Gary is one of 959 volunteers who give up 265,000 hours each year, saving Saint Francis Hospice £1.5m over 12 months. In 1976, he joined the police as a 19-year-old. Halfway through his 30-year service, Gary was diagnosed with a brain tumour. He was just 36.
There were obvious risks involved in removing the tumour, and I caught meningitis in hospital,’ Gary revealed. ‘I went blind in my left eye and suffered from 75% loss in my right.’
Despite being visually impaired, Gary returned to the force. He could do most things that he’d done before, with a little help from a designated officer by his side. ‘My brain was fine, but he was my eyes,’ Gary remembered.
He worked his way up the ranks and retired in 2006 as a Detective Chief Inspector. ‘The police were fantastic at looking after me, and the people I worked with were brilliant, but I’d reached the retirement age. It was the right time to leave. Little did I know how difficult it would be to find another job, though.’
Gary still wanted a challenge but faced constant obstacles. Supermarkets turned him down, wondering what he could possibly do if he couldn’t push trolleys, stack shelves, or use a till.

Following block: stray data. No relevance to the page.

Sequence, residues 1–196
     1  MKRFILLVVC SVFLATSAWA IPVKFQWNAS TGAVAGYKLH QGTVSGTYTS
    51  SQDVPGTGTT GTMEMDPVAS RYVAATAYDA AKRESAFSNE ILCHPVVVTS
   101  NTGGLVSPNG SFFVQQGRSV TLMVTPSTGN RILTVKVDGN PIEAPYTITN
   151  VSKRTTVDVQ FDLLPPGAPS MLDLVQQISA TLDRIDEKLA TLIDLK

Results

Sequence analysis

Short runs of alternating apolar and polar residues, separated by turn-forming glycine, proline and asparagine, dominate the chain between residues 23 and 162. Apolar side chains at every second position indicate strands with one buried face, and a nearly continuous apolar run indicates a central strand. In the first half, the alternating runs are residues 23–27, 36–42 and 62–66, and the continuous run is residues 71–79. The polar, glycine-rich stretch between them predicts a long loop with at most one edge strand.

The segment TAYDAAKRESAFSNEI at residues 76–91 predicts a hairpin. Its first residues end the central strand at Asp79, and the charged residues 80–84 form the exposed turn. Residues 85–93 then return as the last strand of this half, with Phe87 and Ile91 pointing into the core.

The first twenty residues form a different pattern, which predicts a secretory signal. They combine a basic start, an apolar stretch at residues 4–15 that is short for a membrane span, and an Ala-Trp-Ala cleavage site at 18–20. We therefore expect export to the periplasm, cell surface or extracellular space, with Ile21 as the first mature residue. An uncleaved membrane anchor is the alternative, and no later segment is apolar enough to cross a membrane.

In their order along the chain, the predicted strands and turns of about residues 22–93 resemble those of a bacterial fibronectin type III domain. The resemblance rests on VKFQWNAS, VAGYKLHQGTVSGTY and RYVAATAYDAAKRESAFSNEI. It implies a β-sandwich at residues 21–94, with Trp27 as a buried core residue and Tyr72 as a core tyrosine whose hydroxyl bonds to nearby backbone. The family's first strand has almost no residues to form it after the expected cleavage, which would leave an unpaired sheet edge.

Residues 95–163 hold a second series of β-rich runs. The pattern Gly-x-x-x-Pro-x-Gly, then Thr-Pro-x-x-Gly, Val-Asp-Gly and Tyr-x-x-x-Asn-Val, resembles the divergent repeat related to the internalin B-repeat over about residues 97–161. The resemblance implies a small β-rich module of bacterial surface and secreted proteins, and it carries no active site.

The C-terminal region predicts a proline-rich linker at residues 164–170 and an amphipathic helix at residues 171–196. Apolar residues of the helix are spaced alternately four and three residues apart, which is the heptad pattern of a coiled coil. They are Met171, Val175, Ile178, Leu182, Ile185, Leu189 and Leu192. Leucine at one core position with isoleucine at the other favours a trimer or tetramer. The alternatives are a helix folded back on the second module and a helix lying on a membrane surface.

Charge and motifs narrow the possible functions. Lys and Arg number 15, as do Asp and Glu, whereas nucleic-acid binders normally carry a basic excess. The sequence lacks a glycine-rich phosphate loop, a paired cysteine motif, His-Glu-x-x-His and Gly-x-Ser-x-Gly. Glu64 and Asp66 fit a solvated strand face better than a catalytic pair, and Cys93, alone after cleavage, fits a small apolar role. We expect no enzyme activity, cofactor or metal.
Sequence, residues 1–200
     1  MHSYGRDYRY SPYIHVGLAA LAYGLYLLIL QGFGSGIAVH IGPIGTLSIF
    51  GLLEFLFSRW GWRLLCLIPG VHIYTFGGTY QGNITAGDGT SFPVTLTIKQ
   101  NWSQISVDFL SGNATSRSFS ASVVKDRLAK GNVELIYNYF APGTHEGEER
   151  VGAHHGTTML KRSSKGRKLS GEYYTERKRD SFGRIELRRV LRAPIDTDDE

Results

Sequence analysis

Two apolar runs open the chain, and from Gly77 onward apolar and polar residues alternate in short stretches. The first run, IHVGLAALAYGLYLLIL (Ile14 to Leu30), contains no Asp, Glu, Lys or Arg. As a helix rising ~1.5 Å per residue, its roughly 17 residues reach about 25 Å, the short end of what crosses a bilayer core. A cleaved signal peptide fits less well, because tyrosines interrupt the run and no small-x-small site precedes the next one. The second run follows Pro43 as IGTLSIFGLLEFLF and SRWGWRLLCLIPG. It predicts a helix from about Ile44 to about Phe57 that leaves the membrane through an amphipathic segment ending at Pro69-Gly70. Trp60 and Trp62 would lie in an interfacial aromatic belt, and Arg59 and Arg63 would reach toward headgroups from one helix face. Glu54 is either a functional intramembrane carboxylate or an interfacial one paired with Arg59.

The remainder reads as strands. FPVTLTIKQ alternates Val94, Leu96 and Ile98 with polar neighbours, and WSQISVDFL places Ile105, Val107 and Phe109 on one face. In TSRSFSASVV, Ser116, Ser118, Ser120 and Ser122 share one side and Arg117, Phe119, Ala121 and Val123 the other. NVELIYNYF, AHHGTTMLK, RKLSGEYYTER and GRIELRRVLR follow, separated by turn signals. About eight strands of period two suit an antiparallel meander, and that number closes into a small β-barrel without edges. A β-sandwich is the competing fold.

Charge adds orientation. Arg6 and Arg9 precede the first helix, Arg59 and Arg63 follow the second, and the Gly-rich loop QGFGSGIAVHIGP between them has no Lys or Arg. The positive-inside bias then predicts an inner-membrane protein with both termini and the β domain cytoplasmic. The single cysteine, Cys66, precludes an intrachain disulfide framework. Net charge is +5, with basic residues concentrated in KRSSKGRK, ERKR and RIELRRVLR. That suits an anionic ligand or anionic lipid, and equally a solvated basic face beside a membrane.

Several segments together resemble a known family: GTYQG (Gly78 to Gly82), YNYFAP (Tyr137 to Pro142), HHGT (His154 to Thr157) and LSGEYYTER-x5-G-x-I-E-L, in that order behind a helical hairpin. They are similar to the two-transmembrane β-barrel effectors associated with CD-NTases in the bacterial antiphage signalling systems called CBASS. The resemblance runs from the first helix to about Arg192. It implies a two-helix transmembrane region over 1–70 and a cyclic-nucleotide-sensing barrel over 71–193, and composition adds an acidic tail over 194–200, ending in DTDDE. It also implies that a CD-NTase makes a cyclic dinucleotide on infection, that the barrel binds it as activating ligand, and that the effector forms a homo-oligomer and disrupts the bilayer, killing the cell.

When he discovered the world of volunteering at Saint Francis Hospice, his whole life turned around. Now at one of the Hospice’s retail stores, Gary relishes waking up each day. ‘I get so much enjoyment from going to work and mixing with all these great people. I know that I’m doing my bit to make sure the Hospice stays open, and that’s better than sitting indoors feeling sorry for myself.’
Saint Francis Hospice’s volunteers dedicate anything from one to 35 hours a week. To find out more about how you can help people in your local boroughs living with life-limiting illnesses, please email [email protected], call 01708 758614, or pop into your local store.
Image credit: Saint Francis Hospice
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